Peekskill described itself as "saturated with group homes, group care facilities and transitional housing." See Schonfeld Affidavit, Exhibit C. In support of the present motion, plaintiff described the "undue concentration of disabled/assisted persons within the City of Peekskill." Florence Affidavit at P 9. In support of its contention, plaintiff has offered voluminous evidence of the level of publicly assisted housing provided by the various towns and cities located within Westchester County.
Courts have recognized the important State policy of deinstitutionalizing mentally disabled individuals and using "community residences" to house and teach them the skills they need to rejoin society. See, e.g., Crane, 472 N.Y.S.2d at 906. Not surprisingly, however, that cities and towns that have shown a past willingness to accommodate less fortunate members of our community sometimes find that their contributions create a magnet effect, drawing in ever-increasing numbers of groups with special needs.
Peekskill should be commended for its past efforts. Every community has at least a moral duty to share in the care of those whose disabilities place them in situations of great need. "The fact that some neighborhoods have a relatively high concentration of community residents is unfair to those neighborhoods who have been chosen to carry the weight of the community's responsibility for the mentally disabled." Crane, 472 N.Y.S.2d at 907.
The responsibility for insuring that public housing is borne fairly by each community rests with the county, state, and federal governments. Their actions should not exacerbate existing inequalities in public housing, in effect ghetto-izing the mentally disabled. However, plaintiff's past efforts to provide transitional housing do not create grounds for refusing to provide any more such housing. If the City of Peekskill feels it is wrongfully being treated by the state or county as a dumping ground for public housing, its political beef is with the state and the county.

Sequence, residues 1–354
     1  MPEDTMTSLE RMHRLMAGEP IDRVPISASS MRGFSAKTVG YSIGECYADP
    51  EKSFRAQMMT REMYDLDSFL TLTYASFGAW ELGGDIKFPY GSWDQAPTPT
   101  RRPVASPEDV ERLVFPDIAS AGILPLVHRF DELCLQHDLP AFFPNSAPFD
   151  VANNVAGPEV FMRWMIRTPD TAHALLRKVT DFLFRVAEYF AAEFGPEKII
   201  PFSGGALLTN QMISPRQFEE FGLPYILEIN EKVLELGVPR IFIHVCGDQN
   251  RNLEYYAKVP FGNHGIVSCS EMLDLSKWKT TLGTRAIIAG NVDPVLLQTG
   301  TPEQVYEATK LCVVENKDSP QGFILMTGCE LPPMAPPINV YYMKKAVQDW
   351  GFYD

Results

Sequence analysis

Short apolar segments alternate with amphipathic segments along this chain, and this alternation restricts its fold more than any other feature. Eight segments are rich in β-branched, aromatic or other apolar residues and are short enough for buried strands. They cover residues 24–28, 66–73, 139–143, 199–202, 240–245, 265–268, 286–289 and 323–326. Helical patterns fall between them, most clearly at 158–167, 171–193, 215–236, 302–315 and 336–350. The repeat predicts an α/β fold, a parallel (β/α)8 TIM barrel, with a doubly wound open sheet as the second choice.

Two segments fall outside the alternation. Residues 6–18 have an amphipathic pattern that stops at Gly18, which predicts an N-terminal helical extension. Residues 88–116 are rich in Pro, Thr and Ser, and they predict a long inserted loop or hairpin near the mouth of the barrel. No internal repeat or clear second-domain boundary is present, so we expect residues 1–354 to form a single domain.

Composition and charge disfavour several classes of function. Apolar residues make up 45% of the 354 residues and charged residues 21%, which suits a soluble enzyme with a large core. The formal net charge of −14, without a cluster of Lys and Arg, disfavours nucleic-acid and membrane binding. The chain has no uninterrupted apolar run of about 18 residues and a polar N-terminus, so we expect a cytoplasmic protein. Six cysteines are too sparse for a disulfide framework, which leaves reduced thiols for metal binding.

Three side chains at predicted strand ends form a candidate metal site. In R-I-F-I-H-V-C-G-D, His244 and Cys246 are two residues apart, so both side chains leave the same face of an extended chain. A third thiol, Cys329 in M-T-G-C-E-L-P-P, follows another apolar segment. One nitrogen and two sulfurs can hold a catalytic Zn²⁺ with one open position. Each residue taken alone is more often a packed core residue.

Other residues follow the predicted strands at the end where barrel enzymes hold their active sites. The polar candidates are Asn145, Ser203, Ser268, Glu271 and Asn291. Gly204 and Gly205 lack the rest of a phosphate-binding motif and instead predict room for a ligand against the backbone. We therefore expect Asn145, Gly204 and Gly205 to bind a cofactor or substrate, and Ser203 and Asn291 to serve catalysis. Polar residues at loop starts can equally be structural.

Preventing housing for disabled people on the grounds that the City has already provided its fair share also comes perilously close to violating the Fair Housing Act ("FHA"), 42 U.S.C. § 3604(f)(1), which prohibits actions that "discriminate in the sale or rental, or [that] otherwise make unavailable or deny, a dwelling to any buyer or renter because of a handicap."
It is also possible that Peekskill's position runs contrary to the recently enacted Americans With Disabilities Act as discrimination against people on the basis of their disability.
The basic tenor of plaintiff's objections is that the City already provides more than its fair share of housing for groups like the homeless and mentally disabled who depend upon public assistance. In short, Peekskill's message is: no more in my back yard. For the reasons discussed above, we give such arguments little consideration.
Moreover, evidence exists demonstrating that the dire predictions of irreparable harm voiced by plaintiff once nine mentally disabled people move into the RSS project are ill-founded. The director of the Westchester County Community Residents Information Service Programs ("CRISP"), responding to plaintiff's reliance on a CRISP report, stated that:
"In my seven years with CRISP I can recall no instance of unpleasantness surrounding any of the supported and/or supportive apartments used for rehabilitative purposes. . . . In this instance I cannot agree with the city, especially in their misuse of the CRISP report and statistics. I do object to having CRISP's work "stretched" to fit an argument that it was not designed to address.
This tends to place plaintiff's claims of unfair burden and more speculative claims of irreparable harm in a somewhat different and less favorable light.
To conclude, because we find at present no likelihood of success on the merits, plaintiff's motion for a preliminary injunction is denied.
Dated: White Plains, New York
November 18, 1992
GERARD L. GOETTEL